Haiti's debts and the USA's benefit

This morning I received an e-mail from Avaaz.org about a new campaign to drop Haiti’s debt, which has already attracted nearly 300,000 signatures, including mine. I was horrified to read (in the e-mail, the same text is in the “Tell Your Friends” box at the web page) that

even as aid flows in to Haiti’s desperate communities, money is flowing out to pay off the country’s crushing debt — over $1 billion in unfair debt racked up years ago by unscrupulous lenders and governments.

There  was also interesting background which I had not been aware of:

After Haitian slaves rose up and won their independence in 1804, France demanded billions in reparations — launching a spiral of poverty and unjust debt that has lasted two centuries.

I decided to look into this in more depth.

In 1791, following the French Revolution, the slaves of France’s Caribbean colony of Saint-Domingue rebelled against their white masters and seized control of a large part of the territory. Partly in response, in 1794 the French National Convention abolished slavery in all French colonies (it was not abolished in the British Empire until 1833), and eventually an uneasy peace was restored to Saint-Domingue. In 1802 Napoleon Bonaparte, now ruler or France, reimposed slavery in some colonies, but not in Saint-Domingue. However, this move prompted a new rebellion there which the French government was unable to put down. So when in 1804 the colony gained its independence and took the name Haiti, despite what is often claimed this was not technically the result of a slave rebellion.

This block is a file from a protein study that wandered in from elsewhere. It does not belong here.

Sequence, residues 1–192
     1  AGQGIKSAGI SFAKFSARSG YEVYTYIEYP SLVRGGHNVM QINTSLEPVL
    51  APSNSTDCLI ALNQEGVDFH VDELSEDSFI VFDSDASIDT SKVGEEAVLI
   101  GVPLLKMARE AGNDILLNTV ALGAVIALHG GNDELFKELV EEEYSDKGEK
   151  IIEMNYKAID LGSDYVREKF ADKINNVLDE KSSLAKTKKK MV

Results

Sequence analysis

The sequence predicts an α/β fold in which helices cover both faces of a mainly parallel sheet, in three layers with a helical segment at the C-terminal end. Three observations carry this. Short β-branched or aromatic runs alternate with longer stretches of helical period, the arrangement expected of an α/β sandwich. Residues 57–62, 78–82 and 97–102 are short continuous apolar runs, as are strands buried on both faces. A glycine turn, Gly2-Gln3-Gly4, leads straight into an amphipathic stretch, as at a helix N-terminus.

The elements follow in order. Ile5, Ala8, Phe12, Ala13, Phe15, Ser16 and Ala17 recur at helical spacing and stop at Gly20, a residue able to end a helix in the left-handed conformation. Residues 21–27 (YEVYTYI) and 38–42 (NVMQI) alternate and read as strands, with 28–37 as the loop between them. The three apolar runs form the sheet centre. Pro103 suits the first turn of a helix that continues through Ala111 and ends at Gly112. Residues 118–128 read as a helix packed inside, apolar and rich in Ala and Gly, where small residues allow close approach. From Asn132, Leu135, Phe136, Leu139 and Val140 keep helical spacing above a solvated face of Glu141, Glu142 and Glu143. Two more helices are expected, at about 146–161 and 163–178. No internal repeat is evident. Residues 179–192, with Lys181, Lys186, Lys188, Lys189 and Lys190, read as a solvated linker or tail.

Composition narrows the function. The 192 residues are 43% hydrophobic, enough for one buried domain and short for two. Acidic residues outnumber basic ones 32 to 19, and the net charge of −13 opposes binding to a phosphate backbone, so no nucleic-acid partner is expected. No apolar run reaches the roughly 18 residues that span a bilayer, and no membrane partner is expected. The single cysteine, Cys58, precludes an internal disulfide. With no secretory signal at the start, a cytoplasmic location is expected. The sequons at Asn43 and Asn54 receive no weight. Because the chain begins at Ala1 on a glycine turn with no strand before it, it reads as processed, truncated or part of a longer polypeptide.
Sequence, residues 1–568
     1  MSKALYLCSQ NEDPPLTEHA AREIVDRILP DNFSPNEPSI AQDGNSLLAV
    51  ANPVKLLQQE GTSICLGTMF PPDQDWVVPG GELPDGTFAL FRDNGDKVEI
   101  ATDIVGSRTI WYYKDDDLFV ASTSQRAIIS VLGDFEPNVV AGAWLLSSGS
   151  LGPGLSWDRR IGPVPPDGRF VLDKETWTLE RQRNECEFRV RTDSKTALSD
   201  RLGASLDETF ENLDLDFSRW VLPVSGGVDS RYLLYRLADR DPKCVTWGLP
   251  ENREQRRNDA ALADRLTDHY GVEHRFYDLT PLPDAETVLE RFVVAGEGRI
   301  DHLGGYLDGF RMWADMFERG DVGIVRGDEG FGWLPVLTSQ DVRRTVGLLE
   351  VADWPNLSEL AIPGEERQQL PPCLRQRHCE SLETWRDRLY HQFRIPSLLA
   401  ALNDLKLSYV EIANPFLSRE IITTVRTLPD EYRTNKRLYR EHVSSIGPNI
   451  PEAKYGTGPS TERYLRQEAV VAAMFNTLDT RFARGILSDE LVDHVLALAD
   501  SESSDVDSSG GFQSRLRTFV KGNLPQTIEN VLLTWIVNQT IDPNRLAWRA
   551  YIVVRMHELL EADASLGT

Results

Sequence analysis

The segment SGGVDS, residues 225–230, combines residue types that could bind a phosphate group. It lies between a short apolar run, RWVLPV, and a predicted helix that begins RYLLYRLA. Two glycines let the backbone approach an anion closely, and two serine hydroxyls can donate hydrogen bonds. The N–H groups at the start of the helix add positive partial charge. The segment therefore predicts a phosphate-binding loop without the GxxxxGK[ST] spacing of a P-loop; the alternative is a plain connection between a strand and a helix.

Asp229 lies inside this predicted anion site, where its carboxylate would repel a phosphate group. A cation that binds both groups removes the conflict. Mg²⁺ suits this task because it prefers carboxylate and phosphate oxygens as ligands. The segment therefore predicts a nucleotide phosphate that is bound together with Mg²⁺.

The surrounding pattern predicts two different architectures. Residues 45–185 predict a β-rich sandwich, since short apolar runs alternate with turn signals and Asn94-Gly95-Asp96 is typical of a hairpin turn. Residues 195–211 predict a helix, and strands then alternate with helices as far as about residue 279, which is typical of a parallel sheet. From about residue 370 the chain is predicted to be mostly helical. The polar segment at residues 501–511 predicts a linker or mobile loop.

Saint-Domingue, with an area of 27,750 square kilometres, had been only a tiny part, much less than 1%, of the French possessions in the Americas. Within living memory France had claimed almost half of North America, known as New France. The southern half of this area was called Louisiana. But in 1763 the French were forced to cede all of New France. The northern part, Canada, became British. Louisiana east of the Mississippi also came under British control before passing to the United States in 1783. Spain took the part west of the Mississippi, as well as New Orleans.

Bonaparte (who crowned himself the Emperor Napoleon in 1804) dreamed of a new French empire in the Americas. So in 1800 he imposed a treaty on Spain by which the part of Louisiana which had been under Spanish control since 1763 was returned to France. However, Bonaparte never took effective control of this territory. And by 1803, facing the loss of Saint-Domingue and a renewed war with Great Britain, he gave up his plans for a French empire in the Americas.

So, when in that year the young United States sent negotiators to Paris seeking to buy the city of New Orleans, Napoleon offered to sell not just the city but the whole of his newly regained territory, Louisiana west of the Mississippi, which consisted of more than 2 million km² of mostly good agricultural land. The Americans quickly agreed to this purchase, for a price of 78 million francs or $15 million, that is, “less than three cents per acre ($7.40 per km²)”. According to Wikipedia,

The purchase, which doubled the size of the United States, comprises around 23% of current U.S. territory. …

Napoleon Bonaparte, upon completion of the agreement, stated, “This accession of territory affirms forever the power of the United States …”